When it comes to homelessness, meaning the number of people living in shelters, on the streets and in other unsafe places, I’m happy to note that our state homelessness rate dropped by 9% between 2014 and 2016. The date from the same time period shows an 80% increase in rapid re-housing beds and a 38% decrease in transitional housing beds.
I believe this is a direct result of prioritizing resources for rapid re-housing. But I believe much remains to be done. The goal should be permanent housing.
We need to understand, however, some of the underlying challenges of homelessness.
Providing housing first doesn’t solve the problems that underlie homelessness. It takes more than a place to live to keep people off the streets. A homeless person may not have the skills necessary to take care of themselves and an apartment.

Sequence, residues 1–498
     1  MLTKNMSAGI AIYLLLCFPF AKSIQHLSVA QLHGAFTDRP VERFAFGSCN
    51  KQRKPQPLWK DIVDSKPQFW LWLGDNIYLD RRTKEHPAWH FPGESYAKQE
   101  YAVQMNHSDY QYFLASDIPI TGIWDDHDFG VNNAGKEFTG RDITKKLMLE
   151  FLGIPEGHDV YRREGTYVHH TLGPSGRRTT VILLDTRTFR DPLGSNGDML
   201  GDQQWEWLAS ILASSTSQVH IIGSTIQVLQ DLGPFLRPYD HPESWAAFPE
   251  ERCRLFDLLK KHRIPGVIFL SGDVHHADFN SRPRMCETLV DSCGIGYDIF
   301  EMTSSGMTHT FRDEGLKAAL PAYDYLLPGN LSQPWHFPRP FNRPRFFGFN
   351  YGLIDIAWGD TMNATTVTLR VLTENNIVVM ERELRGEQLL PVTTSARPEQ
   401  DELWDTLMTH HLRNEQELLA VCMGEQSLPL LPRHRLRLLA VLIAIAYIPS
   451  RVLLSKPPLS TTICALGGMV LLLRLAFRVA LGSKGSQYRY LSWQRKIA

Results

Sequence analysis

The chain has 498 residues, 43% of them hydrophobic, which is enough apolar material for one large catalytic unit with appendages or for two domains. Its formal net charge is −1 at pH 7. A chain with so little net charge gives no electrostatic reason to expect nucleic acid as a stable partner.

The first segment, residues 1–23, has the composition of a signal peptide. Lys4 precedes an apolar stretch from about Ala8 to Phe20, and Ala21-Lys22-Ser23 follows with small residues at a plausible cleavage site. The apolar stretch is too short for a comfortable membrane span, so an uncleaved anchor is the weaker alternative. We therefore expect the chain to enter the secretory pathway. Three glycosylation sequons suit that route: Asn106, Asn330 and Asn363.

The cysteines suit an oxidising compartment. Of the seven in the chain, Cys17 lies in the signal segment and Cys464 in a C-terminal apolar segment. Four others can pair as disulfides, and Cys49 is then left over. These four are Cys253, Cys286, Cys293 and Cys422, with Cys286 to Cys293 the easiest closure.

Some people, for various reasons, actually feel more “at home” on the street than indoors.
The best long-term approach to homelessness, in my opinion, involves a combination of education, coaching and mentoring. Homeless individuals may need help to care for simple chores such as washing dishes, cooking, and organizing and maintaining an apartment. Couches can assist them with making good choices.
Above all, we as a society need to be educated on how to help friends and loved ones who are homeless, knowing that it doesn’t take much for any of us to end up homeless.
We need to understand the importance of family ties and healthy friendships to help overcome homelessness. There are things the government can do toward ending homelessness, but I believe the greatest effect will come through healthy relationship-building in our society.
Paid for by Dr. Jim Hines for Governor; P.O. Box 5595, Saginaw, MI 48603